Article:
By: Allison Kauffman
The anticipation of spring is on the minds of many. One of the things my mother looks forward to the most in the spring is gardening. Since the Covid-19 outbreak, there is limited access to social opportunities in her town such as playing bridge and dining out, so she is excited to get outdoors and start gardening again.
Unfortunately, I do not have the green thumb that my mother has, but it makes me happy that my mom has a hobby that she loves. I have also learned there are many health benefits associated with gardening.
According to the AARP, one benefit associated with gardening includes exposure to vitamin D from sunlight. Vitamin D increases your calcium levels, benefiting your bones and your immune system. Daily sunlight exposure is important for people of all ages, but especially older adults, so they can achieve adequate levels of vitamin D. Of course you still want to use sunscreen and sunglasses to protect yourself while gardening.
In 2006, a study was conducted and published in the Journal of Alzheimer’s Disease that gardening could lower the risk of dementia by 36 percent. In the study, researchers tracked more than 2,800 people over the age of 60 for 16 years. The study concluded that physical activity, particularly gardening, could reduce the incidence of dementia in future years. So if you enjoy gardening, this is a great preventative measure you can take, if you want to reduce your risk for dementia.
Gardening is also a great aerobic exercise. If you are anything like my mother, she does not enjoy exercise, but loves gardening. It may not seem like exercise, but sometimes you get so engrossed in what you are doing that you don’t even realize how hard you are working and breaking a sweat. You are using a variety of muscles and it can actually be a great workout if you do it for an extended period of time such as 30 minutes to an hour. Pulling weeds, reaching for various plant and tools and twisting and bending as you plant help with strength, stamina and flexibility. So instead of doing squats in the gym, you can do squats in the garden!
Gardening can also serve as a social activity, if you join a gardening club or plant in a community garden. After retirement, many people have a hard time finding social events and opportunities and may struggle with loneliness. According to the Centers for Disease Control and Prevention, community gardens can provide fresh fruits and vegetables, while also combatting loneliness for retirees. There are community gardens located at both RiverWoods Senior Living Community and Normandie Ridge Senior Living Community and many local towns have their own community gardens. At our Albright LIFE sites, gardening is a favorite activity amongst our participants. At RiverWoods, we also have an indoor greenhouse for those who aren’t able to get outside as much.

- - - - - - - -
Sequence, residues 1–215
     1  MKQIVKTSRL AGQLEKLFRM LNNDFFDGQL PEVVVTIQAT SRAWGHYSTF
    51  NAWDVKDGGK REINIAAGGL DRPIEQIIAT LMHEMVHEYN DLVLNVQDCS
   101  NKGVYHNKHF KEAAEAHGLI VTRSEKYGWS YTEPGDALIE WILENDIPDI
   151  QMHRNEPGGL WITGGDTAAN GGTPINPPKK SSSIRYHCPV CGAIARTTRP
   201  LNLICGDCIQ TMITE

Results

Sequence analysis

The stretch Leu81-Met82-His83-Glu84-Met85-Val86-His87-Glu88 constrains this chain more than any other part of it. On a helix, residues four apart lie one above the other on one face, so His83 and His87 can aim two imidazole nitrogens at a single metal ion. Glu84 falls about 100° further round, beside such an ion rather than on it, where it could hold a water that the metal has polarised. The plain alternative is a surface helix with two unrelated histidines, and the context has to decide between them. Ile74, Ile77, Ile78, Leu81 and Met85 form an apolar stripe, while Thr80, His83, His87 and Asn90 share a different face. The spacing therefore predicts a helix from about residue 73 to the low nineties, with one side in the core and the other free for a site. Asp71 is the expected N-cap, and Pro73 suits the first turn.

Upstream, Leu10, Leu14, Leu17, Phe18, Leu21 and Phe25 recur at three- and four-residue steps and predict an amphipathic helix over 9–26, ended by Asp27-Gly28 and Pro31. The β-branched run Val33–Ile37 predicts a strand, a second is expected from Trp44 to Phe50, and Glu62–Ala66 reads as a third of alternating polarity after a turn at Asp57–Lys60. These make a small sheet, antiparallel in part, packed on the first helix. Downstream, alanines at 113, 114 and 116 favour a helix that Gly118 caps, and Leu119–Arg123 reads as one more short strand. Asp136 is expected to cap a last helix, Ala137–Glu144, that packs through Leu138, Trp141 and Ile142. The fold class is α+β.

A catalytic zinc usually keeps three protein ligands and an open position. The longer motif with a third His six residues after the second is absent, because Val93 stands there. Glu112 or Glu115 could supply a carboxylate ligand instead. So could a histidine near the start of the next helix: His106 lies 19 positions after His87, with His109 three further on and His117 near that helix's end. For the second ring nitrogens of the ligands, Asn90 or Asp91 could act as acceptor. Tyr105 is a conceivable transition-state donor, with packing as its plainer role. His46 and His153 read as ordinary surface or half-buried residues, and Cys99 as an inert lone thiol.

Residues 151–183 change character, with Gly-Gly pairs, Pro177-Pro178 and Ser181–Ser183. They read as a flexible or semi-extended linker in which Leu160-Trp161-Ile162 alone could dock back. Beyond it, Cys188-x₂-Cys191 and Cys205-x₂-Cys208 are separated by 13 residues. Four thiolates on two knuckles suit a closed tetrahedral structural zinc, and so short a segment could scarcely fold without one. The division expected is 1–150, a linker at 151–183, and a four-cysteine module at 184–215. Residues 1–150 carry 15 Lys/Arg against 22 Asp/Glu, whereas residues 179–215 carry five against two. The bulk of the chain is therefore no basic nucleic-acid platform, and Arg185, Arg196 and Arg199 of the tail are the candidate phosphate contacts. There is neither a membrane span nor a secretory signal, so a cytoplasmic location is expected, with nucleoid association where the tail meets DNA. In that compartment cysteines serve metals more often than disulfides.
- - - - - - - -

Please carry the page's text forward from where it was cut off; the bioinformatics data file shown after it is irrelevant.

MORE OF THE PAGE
Gardening has so many physical benefits, but it also has cognitive benefits. Spending time creating your garden and planning what you will plant, and where it will be planted, is a great brain exercise, keeping your mind sharp as you age. My mother spends many hours a week deciding what flowers to plant and how they should be arranged. Sometimes she even creates a chart of what the garden will look like once everything is in full-bloom.
So is it possible to learn how to garden later in life? The answer is yes! First you must determine what your surroundings are. Some plants and flowers like hot and sunny conditions, while others need a cooler, moister environment. You can research online what types of flowers, vegetables and plants you could grow at your home or you can always go to a local greenhouse or hardware store to talk with local experts. One great online resource is Garden.org, which features plant care guides, a weed library, podcasts and videos. Doing your research can really help you determine what plants will survive, if you have a lot of sun or lots of shade. Some plants require more watering than others, so research will help you determine what works best for your garden.
When deciding where to plant, try to choose a spot that has plenty of light with good soil that is able to receive water from rain or easy to reach with a hose or sprinkler. Some good things to think about when planning your garden include what types of plants you are most excited to grow, such as flowers or vegetables, how much time you have to spend gardening and what tools you may need.
So be sure to utilize resources online to help get you started, with lots of tips and suggestions on gardening. If you aren’t a computer person, there are also plenty of books and magazines to help guide you in your gardening adventures. And remember, not all of us have a green thumb like my mother, but we can all try to learn more about gardening. If your flowers bloom or your vegetables grow, imagine the feeling of joy and success you will have!